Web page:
What is SpyWare?

SpyWare is a generic term for a number of programs that you would never put on your computer deliberately, but which get there somehow anyway, typically by action of a popup or by clicking on something on a Web site. SpyWare consists of several different varieties, ranging from innocuous but annoying, to downright dangerous. There are nearly 475,000 different SpyWare, hijacker, MalWare, AdWare, and other similar programs and variants of those programs, presently found on the Internet today, and the number is growing daily.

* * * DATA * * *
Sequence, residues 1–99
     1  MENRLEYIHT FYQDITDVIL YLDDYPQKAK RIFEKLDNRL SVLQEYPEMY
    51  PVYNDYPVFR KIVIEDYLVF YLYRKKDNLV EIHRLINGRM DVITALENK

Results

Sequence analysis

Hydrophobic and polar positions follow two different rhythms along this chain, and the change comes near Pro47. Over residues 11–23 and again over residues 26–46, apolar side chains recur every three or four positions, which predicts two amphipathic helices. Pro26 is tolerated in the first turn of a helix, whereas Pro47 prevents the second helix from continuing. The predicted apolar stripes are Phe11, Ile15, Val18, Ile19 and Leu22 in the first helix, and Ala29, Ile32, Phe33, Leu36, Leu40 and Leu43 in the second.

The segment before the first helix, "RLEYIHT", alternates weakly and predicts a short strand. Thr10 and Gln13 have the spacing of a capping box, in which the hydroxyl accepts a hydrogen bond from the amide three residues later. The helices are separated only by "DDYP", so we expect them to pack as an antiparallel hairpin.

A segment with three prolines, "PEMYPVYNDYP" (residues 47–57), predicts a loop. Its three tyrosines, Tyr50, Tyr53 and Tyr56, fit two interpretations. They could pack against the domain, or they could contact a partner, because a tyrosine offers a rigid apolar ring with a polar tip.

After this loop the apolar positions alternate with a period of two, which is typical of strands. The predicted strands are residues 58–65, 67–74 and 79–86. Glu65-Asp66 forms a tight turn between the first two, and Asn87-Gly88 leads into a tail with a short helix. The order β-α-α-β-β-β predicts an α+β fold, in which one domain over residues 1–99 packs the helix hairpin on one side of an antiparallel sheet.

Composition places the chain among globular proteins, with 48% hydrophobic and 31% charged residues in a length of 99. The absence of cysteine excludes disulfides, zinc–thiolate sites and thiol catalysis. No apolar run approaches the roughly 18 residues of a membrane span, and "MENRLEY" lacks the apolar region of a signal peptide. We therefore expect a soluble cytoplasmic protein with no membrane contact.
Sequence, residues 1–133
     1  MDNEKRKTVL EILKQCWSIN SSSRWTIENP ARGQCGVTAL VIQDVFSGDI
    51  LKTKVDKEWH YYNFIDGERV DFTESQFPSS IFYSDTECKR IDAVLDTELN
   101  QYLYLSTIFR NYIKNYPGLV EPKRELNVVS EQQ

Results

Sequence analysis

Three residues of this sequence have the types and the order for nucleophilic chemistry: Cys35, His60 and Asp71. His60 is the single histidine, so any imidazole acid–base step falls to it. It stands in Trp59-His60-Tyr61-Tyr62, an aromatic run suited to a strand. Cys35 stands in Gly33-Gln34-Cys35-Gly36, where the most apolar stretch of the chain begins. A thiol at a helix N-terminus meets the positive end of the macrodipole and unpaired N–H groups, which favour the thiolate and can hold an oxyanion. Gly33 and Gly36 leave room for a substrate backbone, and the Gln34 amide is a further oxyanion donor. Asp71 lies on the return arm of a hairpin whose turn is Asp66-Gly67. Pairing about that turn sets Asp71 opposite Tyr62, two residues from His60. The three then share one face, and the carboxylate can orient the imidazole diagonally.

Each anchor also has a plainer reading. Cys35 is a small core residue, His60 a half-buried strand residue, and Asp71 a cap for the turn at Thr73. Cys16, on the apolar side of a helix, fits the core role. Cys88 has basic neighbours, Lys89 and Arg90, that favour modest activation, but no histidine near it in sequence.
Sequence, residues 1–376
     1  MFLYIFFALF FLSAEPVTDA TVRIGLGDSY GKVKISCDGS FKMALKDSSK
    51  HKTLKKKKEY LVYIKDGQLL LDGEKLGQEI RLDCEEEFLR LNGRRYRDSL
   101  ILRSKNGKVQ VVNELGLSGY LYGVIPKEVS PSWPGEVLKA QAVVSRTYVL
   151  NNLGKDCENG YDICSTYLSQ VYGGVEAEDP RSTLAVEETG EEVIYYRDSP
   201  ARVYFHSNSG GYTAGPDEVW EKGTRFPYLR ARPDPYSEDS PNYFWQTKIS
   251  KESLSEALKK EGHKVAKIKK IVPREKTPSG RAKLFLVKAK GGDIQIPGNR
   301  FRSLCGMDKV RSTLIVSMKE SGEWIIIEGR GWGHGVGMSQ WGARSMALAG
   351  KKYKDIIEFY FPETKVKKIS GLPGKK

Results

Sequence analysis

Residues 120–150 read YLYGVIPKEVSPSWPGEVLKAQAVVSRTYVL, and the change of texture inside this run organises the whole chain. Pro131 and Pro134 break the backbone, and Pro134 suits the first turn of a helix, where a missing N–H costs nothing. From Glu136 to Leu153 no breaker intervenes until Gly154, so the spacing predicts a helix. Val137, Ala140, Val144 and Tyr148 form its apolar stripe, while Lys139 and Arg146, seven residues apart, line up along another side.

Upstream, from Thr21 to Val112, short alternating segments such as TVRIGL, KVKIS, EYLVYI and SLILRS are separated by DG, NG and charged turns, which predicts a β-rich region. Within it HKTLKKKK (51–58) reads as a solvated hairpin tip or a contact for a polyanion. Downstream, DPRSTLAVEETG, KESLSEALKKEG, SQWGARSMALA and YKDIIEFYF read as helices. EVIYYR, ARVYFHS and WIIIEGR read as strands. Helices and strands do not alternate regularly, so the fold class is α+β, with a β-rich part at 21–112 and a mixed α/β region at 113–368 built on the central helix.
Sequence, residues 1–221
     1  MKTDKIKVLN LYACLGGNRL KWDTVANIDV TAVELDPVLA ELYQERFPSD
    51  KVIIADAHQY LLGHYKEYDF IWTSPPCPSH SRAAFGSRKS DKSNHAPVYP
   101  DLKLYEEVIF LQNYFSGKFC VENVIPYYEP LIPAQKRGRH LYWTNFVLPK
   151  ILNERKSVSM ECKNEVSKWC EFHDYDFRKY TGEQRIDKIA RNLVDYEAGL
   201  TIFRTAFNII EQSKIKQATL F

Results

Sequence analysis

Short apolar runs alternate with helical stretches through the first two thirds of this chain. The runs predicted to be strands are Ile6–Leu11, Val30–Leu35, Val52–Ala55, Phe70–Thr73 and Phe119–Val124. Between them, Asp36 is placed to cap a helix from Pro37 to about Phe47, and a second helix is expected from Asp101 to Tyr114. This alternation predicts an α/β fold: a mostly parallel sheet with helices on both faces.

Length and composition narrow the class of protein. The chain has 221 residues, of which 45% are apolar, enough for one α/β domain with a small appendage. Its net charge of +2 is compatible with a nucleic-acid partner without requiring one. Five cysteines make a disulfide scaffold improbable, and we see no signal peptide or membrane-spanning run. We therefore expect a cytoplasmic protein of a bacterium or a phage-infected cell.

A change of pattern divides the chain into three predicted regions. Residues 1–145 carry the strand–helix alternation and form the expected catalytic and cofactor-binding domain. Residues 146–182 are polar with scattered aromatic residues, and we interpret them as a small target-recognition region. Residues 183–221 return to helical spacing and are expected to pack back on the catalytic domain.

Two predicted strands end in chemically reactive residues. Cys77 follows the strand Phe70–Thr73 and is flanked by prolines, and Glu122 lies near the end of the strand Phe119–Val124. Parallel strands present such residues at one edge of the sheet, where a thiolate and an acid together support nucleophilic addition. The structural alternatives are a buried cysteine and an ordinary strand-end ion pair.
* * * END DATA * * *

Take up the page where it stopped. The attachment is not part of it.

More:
Adware is software that gets put on your computer by a popup, or as a result of installing something else that you think might have some value, such as shopping, better Internet search capability, or music or file sharing. Some spyware or adware merely tracks where you go on the Internet, then reports this back to a marketing company. It extracts your e-mail address from your e-mail program, and this, along with your browser history, allows the marketing company to send you spam e-mails regarding products or services that they think that they or their clients might have a chance of selling you. Some adware can also open up backdoor ports on your machine to allow popup ads to be sent from the marketer and to appear on your machine. If you're getting a lot of popups, likely there is at least one spyware program lurking on your computer. Common programs that install adware are Kazaa, P2P networking, Bonzi Buddy, LimeWire, BearShare, etc. Some sites also require you to install special software in order to take advantage of special features of their site. We don't include sites that require recognized programs such as Flash, QuickTime, etc. but rather sites that require that you install some software to view their site. Many "adult" sites fall into this category. Take note that we’ve recently seen many pages on FaceBook, YouTube, etc. that will tell you that “You need the latest version of Flash” or “You need to update your QuickTime Player” in order to view the video. If you need to update anything, DO NOT do it from the link they provide, as it’s most likely SpyWare that’s actually going onto your machine. Go to the provider of that software, and download it directly. If the page then STILL says that you need to update something, then likely it’s a fraud and should be avoided.